As leaders facing the challenge of building teams, we have 3 options:
- Building a team through a common crisis.
- Building a team through a common enemy.
- Building a team through a common cause.
We have all seen the power of people working in an emergency, setting aside interpersonal conflicts and needs to focus on an outcome. Crises can be both empowering and instructional, especially in hindsight, in that they help build a shared experience. Beware, though, that the heady excitement of dealing with a crisis comes with stress hormones (principally adrenaline, cortisol and nor-epinephrine) that have real health effects. The team may also become accustomed to crisis behaviors that allow for disrespecting work-life balance, poor interpersonal relationships and narrow thinking. While the nature of crises frequently delays situational analysis, you can achieve productive insights by asking these questions of the situation, as soon as possible in the wake of the crisis:
- How did we get to a point of crisis?
- Are their early warning signs we could have responded to earlier to have prevented this?
- What did we gain dealing with the emergency, and what we lose?
- What can we do to both celebrate getting through the crisis and help avoid the next one?
I once had a manager who gave me a team to run. This was not the happiest of teams at all, with both productivity and morale lower than ideal. Cue the first meeting, “Bob” comes in and acts like a jerk for about 10 minutes. Bob was not a jerk at all; in fact he was a gentleman and a fine manager. After the meeting I asked Bob,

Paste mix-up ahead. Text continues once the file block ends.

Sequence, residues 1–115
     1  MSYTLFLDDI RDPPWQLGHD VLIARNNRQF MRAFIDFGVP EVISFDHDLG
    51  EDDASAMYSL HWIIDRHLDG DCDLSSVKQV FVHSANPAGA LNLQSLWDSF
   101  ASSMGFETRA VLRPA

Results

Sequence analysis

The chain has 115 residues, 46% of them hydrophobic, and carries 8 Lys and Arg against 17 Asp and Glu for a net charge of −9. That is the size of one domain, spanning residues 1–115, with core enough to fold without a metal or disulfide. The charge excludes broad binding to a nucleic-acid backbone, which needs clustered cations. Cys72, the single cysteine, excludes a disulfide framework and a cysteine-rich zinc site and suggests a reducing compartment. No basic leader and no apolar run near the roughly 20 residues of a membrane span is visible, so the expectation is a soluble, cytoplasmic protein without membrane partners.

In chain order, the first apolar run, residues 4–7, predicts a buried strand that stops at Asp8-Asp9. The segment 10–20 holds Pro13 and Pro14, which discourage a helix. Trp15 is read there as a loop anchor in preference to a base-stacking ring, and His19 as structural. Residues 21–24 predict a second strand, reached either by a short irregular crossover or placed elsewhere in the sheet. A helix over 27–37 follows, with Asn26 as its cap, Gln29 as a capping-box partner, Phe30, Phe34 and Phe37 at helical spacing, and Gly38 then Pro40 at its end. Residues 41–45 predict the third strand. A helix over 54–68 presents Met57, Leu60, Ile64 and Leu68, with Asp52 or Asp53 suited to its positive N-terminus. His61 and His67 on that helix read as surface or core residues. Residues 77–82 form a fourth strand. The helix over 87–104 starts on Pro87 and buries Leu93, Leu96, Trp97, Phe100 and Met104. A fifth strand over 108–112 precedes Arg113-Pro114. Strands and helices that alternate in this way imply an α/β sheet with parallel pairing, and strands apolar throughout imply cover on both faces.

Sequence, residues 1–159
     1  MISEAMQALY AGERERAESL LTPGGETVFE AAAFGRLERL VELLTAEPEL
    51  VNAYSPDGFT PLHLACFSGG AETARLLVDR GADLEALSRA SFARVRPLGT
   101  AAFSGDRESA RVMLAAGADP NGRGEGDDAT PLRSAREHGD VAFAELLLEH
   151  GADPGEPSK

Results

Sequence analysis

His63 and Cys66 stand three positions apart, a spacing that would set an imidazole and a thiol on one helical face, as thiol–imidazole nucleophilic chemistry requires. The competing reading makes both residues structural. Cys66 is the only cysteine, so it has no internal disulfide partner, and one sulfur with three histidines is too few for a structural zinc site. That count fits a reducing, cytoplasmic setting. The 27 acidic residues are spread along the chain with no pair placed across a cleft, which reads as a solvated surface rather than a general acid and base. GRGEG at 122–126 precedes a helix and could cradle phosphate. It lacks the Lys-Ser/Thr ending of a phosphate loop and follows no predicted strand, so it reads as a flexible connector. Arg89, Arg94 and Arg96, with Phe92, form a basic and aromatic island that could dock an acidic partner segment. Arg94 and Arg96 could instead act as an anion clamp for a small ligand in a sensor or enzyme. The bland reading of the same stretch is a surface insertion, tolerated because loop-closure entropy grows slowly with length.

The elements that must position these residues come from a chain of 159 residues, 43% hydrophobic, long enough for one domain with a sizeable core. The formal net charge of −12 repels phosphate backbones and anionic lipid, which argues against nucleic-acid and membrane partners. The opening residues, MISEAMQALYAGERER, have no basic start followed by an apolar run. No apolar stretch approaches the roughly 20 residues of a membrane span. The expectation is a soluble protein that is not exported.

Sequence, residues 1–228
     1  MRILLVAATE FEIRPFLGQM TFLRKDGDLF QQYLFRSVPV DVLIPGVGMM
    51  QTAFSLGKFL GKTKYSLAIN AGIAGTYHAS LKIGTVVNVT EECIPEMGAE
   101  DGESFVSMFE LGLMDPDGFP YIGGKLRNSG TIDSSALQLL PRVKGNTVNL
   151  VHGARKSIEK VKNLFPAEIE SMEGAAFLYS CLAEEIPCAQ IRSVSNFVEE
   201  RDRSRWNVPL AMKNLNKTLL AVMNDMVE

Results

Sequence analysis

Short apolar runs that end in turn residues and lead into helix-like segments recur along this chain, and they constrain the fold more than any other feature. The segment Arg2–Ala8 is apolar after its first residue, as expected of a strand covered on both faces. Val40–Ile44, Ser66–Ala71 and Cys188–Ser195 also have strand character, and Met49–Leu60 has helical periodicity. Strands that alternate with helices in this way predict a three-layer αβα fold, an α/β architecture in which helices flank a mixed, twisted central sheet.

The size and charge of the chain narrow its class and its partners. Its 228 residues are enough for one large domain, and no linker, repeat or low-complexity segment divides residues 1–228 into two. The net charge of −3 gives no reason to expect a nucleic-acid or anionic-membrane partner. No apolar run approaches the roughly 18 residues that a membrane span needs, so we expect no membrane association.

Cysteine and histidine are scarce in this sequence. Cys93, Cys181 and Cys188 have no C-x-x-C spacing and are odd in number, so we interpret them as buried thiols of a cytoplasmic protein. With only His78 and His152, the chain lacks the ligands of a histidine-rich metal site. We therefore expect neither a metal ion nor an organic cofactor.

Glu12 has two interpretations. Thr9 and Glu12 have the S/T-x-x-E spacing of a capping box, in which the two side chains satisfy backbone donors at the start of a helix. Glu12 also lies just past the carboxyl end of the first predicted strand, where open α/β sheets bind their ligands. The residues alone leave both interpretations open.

“Did you experience shortness of breath, alongside your obvious stroke?”
He looked up and replied:
“Did they complain about me after I left?” Answer YES.
“Did they give you a hard time?” Err No. They were too frustrated with you.
Bob had provided us with a common enemy… HIMSELF.
More frequently, a common enemy can be another group or competitor. They provide a tangible comparison point to the team’s performance and goals. I would caution you to pick a competitor you respect as it is less about them than it is about us. It is not about winning by any means necessary… it is about building a team by focusing on a target, real or imagined. Having a competitor who is honourable helps insulate the team from a desire to “win at all costs”.
Why respect? Simply you want to outperform your competition by being better at doing the right thing. Also losing to a respected competitor can be tremendously instructive. Winning, while marvelous and necessary, has less instructional value.
The most powerful way to build a team is through a well-defined outcome. This common cause can bind people together in a closely-knit team. Here is an exercise to try with a group… Ask each person to write out the goal of a project and compare the results. How aligned are people really? As a project manager, you may have written a charter and got sign-off from the stakeholders, but what are the team members really thinking about the aim of this effort?
Again, questions to ask:
- Can we collectively agree on a successful outcome?
- Is this outcome noble; benefitting a broader community, our organization and us as individuals?
- Do we believe we can accomplish this cause?
If there is no specific outcome, there is no project. Lacking clarity of purpose, individuals in a group become aimless wanderers in Alice’s Wonderland:
“One day, Alice came to a fork in the road and saw a Cheshire cat in a tree. ‘Which road to take?’ she asked. ‘Where do you want to go?’ was his response. ‘I don’t know,’ Alice answered. ‘Then,’ said the cat, ‘it doesn’t matter.”
Each of these modes has a place, and if your team is well established, there is a good chance that all of them have been experienced at one time or another. Should you find yourself on a team where “crisis” or “common-enemy” becomes the norm, realize that this comes at a cost both to team members and to the effectiveness of the team.